BookBrowse Reviews Bloodroot by Amy Greene

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Bloodroot

by Amy Greene

Bloodroot by Amy Greene X
Bloodroot by Amy Greene
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  • First Published:
    Jan 2010, 304 pages
    Paperback:
    Jan 2011, 304 pages

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Book Reviewed by:
Elizabeth Whitmore Funk

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A haunting debut novel that reveals the intertwining lives of an Appalachian family from the Great Depression to today

Bloodroot presents a range of voices by weaving together narratives from Myra Lamb's family. Author Amy Greene prevents the narratives from sprawling like kudzu by organizing them into paired sections, allowing characters to alternate speaking in groups of two. The result is a dynamic, layered effect that allows the reader to sink progressively deeper into the Lamb family, as opposed to the traditional approach of going forward through a linear plot progression. Bloodroot still contains a careful, precise plot, but that structure does not become fully apparent until the final pages of the novel.

Greene opens her stories quietly, depicting her characters in moments of reflection and pause, asking her readers to wait for the action that promises to be delivered at a later time. For the first half of the novel Greene asks for a great deal of patience from the reader, but what begins softly and slowly with a plethora of characters and identities gradually morphs into a fast, jarring duel between a precious few. This dramatic peak solidifies the few characters who are left, making them brighter and more dynamic when compared to their counterparts that began the novel. The Lamb family's memories of Myra prelude Myra's conflict, and this slow uncovering both tantalizes and torments the reader.

Each narrator tells a tale that could stand on its own as a short story or novella. Greene - and all of her protagonists - have a penchant for the hazy, vernal beauty of Appalachian summer that she gently depicts through lines like "Myra sounded sleepy, drunk on the feel of the creek lapping at her fingers, running like a cool scarf over her elbow bends, gliding under her heels and between her toes, and all the smells of the blossoms and muck and mottled toadstools risen like yeast in the shade." When the narrative diverges into the darker history of the characters the summer beauty is shoved aside for austerity, resulting in what feels like almost a different writer with a new interest and purpose. Villains appear, the bucolic background fades, and weddings are replaced with tumult. The reader has two versions of Millertown, Tennessee and Bloodroot Mountain: one of ecological grace and one of economic disparity. Greene shows the fascinating intersection between the mountainous beauty and "the whiskey bottles and charred cigarette butts littering the gulley alongside the tracks" that also pervades early twentieth century Appalachia.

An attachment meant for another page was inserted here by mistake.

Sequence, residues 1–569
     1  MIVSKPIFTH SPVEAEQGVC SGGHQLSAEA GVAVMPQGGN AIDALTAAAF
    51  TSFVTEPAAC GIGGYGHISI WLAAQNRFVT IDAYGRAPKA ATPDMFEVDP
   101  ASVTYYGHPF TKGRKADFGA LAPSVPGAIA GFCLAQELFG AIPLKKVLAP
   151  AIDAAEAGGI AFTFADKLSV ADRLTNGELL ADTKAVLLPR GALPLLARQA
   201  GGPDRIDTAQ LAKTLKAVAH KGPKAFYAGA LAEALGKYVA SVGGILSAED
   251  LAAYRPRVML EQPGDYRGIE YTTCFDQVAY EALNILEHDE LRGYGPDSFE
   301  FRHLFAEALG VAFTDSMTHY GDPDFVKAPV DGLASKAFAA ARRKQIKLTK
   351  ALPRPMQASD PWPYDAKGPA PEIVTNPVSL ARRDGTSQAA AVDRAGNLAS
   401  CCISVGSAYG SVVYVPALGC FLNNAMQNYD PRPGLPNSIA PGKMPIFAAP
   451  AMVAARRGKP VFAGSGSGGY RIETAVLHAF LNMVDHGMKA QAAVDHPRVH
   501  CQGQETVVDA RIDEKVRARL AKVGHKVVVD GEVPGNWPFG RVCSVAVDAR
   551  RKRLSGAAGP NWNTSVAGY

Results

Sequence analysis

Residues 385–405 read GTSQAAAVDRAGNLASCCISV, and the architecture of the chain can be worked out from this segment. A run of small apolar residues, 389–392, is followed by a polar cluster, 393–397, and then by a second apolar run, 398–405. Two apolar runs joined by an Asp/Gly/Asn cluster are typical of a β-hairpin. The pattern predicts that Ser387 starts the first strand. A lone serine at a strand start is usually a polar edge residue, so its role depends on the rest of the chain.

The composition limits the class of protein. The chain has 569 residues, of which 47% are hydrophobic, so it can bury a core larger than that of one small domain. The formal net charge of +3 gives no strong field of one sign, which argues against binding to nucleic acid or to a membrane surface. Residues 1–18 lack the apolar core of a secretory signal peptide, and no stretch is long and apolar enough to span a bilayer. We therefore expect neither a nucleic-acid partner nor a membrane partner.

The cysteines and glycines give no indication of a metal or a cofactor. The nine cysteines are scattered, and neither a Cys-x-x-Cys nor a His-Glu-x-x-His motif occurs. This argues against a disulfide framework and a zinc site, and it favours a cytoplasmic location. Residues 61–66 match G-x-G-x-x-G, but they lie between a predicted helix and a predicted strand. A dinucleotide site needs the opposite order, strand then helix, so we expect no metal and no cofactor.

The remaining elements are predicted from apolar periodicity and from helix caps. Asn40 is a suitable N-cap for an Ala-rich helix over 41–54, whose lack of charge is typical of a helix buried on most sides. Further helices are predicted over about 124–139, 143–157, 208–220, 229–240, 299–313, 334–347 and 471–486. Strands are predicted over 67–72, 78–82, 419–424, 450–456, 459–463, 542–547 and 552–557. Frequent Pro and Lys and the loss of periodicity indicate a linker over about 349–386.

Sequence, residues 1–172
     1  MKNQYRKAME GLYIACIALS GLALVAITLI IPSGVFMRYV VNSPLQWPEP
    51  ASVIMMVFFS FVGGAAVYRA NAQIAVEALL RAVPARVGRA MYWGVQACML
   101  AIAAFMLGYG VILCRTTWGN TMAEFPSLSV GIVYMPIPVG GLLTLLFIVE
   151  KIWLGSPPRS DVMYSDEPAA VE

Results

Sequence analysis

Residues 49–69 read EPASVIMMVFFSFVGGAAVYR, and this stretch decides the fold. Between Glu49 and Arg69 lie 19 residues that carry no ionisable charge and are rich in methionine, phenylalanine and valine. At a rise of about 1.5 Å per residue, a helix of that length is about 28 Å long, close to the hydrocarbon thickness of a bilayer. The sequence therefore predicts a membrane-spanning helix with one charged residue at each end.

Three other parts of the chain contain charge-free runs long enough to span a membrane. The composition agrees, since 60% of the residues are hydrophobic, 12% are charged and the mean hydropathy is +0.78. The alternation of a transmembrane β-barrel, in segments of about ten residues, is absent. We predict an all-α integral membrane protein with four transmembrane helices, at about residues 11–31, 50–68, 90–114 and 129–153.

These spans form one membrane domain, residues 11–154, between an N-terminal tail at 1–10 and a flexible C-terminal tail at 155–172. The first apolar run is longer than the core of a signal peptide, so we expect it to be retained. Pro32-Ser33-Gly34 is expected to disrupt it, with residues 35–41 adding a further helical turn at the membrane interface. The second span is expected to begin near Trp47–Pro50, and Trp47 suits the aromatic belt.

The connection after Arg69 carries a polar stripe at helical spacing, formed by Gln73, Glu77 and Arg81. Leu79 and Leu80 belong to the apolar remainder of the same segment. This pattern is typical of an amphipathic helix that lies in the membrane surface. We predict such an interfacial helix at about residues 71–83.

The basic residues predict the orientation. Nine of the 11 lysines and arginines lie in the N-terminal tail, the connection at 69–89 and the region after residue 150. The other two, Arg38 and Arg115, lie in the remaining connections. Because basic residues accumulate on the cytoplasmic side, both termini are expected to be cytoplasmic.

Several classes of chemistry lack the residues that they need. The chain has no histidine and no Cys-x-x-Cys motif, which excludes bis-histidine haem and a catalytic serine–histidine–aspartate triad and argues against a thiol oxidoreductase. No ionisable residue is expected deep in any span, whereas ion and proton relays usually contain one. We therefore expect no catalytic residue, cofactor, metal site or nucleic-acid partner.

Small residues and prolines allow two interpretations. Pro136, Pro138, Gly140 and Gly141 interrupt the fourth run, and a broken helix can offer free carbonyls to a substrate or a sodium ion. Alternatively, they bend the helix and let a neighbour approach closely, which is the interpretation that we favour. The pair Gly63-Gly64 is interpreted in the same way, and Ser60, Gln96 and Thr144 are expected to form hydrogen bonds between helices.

In terms of literary heritage, there is a slight effort to echo William Wordsworth, particularly "Lines Composed a Few Miles above Tintern Abbey." While stylistic parallels to Wordsworth's daffodils are evident throughout the novel, Greene's characters function with independence and resolution that bring the American transcendentalists - Emerson, Thoreau - more readily to mind. Bloodroot works at a slower, heavier pace than Fannie Flagg's Fried Green Tomatoes or Rebecca Wells' Divine Secrets of the Ya-Ya Sisterhood. Readers who enjoyed Charles Frazier's Cold Mountain will likely find pleasure in Bloodroot's pages.

This review was originally published in February 2010, and has been updated for the January 2011 paperback release. Click here to go to this issue.



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